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MRI Head and Brain Scan: A Definitive Guide of What to Expect

Head and brain MRI scans are one of the most commonly scanned parts of the body. 22 per cent of all MRI scans performed are of the head. An MRI scan is a powerful diagnostic tool that can identify trauma or abnormalities in the head and brain. There are several scenarios where you might need to have an MRI of your head or brain, including changes in behaviour, pain, or even blurred vision.

Although this is a common, routine procedure, the idea of having a diagnostic scan of such an important part of your body can be a little frightening. However, if you are armed with the knowledge of what to expect, it can make the idea of the procedure much less daunting. In this guide we will discuss how the procedure is performed, the structures the scan will identify, and how you can prepare for the procedure.

What does a Head MRI Show?

A Magnetic Resonance Imaging (MRI) head scan is a non-invasive procedure meant to identify possible trauma or abnormalities. The scan works by taking images–called slices–as the MRI moves across three planes:

By taking images across these different planes, the radiologist can build a detailed picture of the important structures in your brain. Including:

This allows the radiologist to identify potential abnormalities that could be signs of degenerative diseases such as Alzheimer’s or trauma such as a concussion. Each part of the brain plays a different role in how we function. Therefore it’s important to accurately identify the area of potential damage to determine a correct diagnosis.

What is the purpose of a Head MRI?

The purpose of an MRI is to examine areas of your brain and surrounding bones, muscles, and other soft tissues. The results of the scan will be used to identify:

The brain is a complex organ. In your wrist or knee, if you are experiencing a problem it typically comes in the form of pain or swelling in that particular area. However, your brain controls every aspect of your body. Therefore if you are experiencing an issue in your brain the symptoms can present themselves in a multitude of ways. For example, you may experience:

These symptoms could be a sign of a serious issue within your brain since each part is responsible for a different task. An MRI’s ability to produce images across three different angles gives the radiologist the ability to pinpoint which part of the brain is being affected and potentially causing your symptoms.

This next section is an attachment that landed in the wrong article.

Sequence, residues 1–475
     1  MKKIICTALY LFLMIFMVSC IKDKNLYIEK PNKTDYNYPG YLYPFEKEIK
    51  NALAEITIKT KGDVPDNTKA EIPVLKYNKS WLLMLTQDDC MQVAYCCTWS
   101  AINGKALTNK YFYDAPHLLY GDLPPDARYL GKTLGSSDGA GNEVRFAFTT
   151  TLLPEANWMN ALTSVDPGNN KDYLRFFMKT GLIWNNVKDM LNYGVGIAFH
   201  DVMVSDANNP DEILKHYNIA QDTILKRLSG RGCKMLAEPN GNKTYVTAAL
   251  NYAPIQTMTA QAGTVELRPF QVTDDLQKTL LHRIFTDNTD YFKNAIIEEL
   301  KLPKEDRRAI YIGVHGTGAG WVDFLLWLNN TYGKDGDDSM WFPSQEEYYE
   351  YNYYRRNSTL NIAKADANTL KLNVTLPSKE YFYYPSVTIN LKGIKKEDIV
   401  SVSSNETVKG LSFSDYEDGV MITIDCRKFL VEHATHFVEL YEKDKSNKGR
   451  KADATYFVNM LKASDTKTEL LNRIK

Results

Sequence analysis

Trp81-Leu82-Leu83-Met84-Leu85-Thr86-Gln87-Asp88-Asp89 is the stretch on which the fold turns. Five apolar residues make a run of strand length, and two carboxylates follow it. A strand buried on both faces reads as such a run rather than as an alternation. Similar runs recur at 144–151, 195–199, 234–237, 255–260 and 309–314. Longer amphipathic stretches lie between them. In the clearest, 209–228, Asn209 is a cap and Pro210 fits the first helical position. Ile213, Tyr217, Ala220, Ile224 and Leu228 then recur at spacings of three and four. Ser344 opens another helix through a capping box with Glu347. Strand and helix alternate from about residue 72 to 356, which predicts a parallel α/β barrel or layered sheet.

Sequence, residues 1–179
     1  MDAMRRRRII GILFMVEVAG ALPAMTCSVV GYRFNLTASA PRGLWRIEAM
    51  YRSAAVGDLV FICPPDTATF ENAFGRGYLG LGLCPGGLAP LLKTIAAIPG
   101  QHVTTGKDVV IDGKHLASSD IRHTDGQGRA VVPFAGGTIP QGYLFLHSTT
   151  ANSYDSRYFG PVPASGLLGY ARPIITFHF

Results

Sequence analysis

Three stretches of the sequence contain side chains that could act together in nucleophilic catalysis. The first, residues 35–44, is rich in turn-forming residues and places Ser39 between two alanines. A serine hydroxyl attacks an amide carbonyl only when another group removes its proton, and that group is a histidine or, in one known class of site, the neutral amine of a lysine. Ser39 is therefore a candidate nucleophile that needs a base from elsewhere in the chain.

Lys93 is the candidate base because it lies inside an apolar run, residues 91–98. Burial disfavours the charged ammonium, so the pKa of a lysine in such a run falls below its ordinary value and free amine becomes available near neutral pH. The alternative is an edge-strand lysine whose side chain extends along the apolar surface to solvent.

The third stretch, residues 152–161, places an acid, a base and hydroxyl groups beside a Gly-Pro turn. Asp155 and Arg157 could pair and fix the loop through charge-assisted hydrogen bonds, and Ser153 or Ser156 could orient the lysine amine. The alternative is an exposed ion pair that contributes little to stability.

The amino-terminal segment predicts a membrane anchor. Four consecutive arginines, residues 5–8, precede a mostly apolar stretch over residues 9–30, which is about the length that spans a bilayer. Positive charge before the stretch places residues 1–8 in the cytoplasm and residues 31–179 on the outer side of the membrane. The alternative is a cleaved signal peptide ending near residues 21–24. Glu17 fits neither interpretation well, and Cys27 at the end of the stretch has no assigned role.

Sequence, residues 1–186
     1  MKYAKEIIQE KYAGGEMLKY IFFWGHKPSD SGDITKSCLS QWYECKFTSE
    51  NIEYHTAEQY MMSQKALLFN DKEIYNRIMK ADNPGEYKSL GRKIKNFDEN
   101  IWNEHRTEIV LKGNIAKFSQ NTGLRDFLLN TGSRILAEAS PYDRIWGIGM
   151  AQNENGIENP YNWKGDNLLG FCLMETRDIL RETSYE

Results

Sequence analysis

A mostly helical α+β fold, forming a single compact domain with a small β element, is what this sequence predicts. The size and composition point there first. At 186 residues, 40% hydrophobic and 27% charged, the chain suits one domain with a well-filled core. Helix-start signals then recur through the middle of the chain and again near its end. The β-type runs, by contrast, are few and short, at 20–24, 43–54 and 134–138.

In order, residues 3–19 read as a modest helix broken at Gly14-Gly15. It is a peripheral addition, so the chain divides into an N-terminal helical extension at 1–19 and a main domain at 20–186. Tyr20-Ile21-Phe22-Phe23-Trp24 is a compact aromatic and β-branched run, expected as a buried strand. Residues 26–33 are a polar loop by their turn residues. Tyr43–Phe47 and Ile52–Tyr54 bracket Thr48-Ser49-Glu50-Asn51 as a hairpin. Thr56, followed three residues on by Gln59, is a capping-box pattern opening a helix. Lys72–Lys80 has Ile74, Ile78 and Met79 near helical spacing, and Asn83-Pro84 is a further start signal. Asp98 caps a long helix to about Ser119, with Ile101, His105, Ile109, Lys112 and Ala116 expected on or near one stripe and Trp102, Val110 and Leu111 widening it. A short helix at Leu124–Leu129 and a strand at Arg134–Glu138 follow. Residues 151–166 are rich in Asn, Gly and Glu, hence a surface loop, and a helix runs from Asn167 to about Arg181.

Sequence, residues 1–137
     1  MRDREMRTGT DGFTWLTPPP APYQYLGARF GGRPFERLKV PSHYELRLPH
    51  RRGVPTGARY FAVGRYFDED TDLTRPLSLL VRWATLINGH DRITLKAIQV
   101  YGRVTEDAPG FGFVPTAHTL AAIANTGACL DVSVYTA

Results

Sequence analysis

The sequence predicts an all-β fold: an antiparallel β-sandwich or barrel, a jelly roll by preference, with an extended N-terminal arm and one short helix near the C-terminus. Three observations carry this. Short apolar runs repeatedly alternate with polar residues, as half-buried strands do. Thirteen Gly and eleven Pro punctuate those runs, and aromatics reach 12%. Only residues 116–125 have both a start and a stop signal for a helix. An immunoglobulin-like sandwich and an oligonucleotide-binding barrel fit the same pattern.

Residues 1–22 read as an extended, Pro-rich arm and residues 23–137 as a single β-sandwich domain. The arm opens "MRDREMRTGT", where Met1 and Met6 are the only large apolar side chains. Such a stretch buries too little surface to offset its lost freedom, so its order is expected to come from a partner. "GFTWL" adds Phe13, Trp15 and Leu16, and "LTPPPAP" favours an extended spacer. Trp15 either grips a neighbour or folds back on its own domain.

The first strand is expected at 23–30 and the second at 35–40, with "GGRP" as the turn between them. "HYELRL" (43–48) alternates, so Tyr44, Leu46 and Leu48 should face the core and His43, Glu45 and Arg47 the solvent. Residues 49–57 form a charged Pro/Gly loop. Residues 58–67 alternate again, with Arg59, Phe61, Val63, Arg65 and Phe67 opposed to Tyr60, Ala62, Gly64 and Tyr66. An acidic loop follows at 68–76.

As with any medical diagnosis, early detection increases the chance of a successful treatment plan. Therefore if you are experiencing any concerning symptoms it’s important to talk to your doctor as soon as possible. If you require an MRI, you should consider going to a private MRI centre. At one of our MRI centres, you can receive an appointment up to 6 times faster than through the NHS.

How is a Head MRI Performed?

A head MRI is performed by a large machine with a hollow tube in the centre. The machine uses radio waves and a magnetic field to produce images of the brain and head. The procedure will take approximately 45 to 60 minutes to complete.

The following is a guide of what to expect during the procedure:

Remove Metal Objects and Change

You will be asked to remove any metal piercings or jewellery. Metal interacts with the MRI machine and will result in distorted images. Some clinics will allow you to wear your loose-fitting clothing. This is as long as the clothes provide access to the area being scanned and do not contain any metal fasteners. Some clinics will have you change into a hospital gown to ensure there is no clothing interference with the machine.

Brought into MRI Room and Positioned on the MRI Table

You will be brought to the MRI room and asked to lay down on the MRI table. The radiographer may use straps or fasteners to ensure your head is in the correct position to be scanned. Once you are secure, the technician will move to a separate room and this table will slide you into the machine to perform the scan of your head.

Get Contrast IV